Take a few hours and enjoy a peaceful time fly fishing or ice fishing on the Grand Mesa.
Where to Fish on the Grand Mesa
Join local anglers in waders and head to the Lake of the Woods Trail in the Grand Mesa National Forest. Bull Creek and Bull Basin reservoirs are fantastic scenic fishing spots. Special fishing regulations apply to some of these lakes, so be sure you know the rules.
The Lake of the Woods Trail leads to Bull Creek, which flows from the outlets of Bull Creek reservoirs #1 and #2 and through reservoir #5. The upper mile of this stream is easily fished and has several good pools.
Bull Creek reservoirs #1 and #2 and the connecting channels require fishing by artificial flies and lures only, and a bag, possession and size limit for trout of two fish 16 inches or longer.
There are often plenty of bogs to slog through, so anglers in waders are well dressed for this trip. The trail is open to hiking, horseback riding and mountain biking and is closed to motorized traffic. Good foot gear is essential.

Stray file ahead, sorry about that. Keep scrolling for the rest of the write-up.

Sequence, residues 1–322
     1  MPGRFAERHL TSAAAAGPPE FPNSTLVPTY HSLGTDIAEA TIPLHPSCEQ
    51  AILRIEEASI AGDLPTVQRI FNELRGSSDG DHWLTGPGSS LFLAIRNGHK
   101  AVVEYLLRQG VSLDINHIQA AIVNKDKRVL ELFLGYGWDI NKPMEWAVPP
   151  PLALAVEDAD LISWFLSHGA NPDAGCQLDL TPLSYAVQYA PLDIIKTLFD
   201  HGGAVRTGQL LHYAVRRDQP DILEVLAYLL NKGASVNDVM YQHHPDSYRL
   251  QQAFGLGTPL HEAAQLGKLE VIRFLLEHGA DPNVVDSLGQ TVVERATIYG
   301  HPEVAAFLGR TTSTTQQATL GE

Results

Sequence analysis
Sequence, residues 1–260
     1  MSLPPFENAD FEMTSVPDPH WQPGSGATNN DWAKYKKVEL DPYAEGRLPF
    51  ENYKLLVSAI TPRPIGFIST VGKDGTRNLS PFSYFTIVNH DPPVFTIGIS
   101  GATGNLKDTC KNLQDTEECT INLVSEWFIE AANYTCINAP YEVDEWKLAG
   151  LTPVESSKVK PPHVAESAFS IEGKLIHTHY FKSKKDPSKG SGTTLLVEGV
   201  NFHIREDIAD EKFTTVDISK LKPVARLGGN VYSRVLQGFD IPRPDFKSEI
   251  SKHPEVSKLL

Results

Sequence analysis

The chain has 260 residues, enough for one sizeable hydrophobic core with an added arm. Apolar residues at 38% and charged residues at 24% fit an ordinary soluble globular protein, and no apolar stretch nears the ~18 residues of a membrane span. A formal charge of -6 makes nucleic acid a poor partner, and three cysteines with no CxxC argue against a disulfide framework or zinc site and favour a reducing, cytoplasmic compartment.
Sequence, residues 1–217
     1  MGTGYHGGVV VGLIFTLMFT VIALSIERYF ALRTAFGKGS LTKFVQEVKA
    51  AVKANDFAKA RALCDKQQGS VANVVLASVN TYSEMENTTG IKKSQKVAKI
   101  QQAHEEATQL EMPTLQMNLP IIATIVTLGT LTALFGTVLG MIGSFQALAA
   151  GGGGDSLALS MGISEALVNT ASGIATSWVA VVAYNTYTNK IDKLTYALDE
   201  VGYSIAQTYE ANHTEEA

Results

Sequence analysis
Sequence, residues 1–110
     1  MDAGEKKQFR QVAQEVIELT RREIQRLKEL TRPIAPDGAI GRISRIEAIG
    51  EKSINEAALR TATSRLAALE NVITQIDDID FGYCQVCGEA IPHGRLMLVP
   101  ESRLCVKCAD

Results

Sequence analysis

The Lake of the Woods Trail flows in, out and around a lush forest with meadows of thick, tall grass and wildflowers, patches of low-growing Oregon grape, dense stands of Aspen, Douglas fir and Engelmann spruce. The trail bobs up, down, over and around small intermittent streams and across a twisting and rocky terrain that includes glimpses of the Crag Crest. Find more Grand Junction hiking trails >>
Getting to the Grand Mesa
To reach the Lake of the Woods Trailhead, Forest Service Trail #506, travel east from Grand Junction on I-70 for 20 miles to the Grand Mesa/Powderhorn exit. That’s Colorado Highway 65, a National Scenic and Historic Byway. It travels over the top of the Grand Mesa.
Go through the town of Mesa, past Powderhorn Ski Area and head into the forest. About two miles past the Mesa Lakes Resort area, on the last long curve before heading up the final stretch to the top of the Grand Mesa, you’ll come to Mile Marker 38. Beyond the mile marker is a long cabled guard rail. Just past the cabled guard rail, turn left on graveled Forest Road 250. Travel less than a mile to a parking area at the end of the road.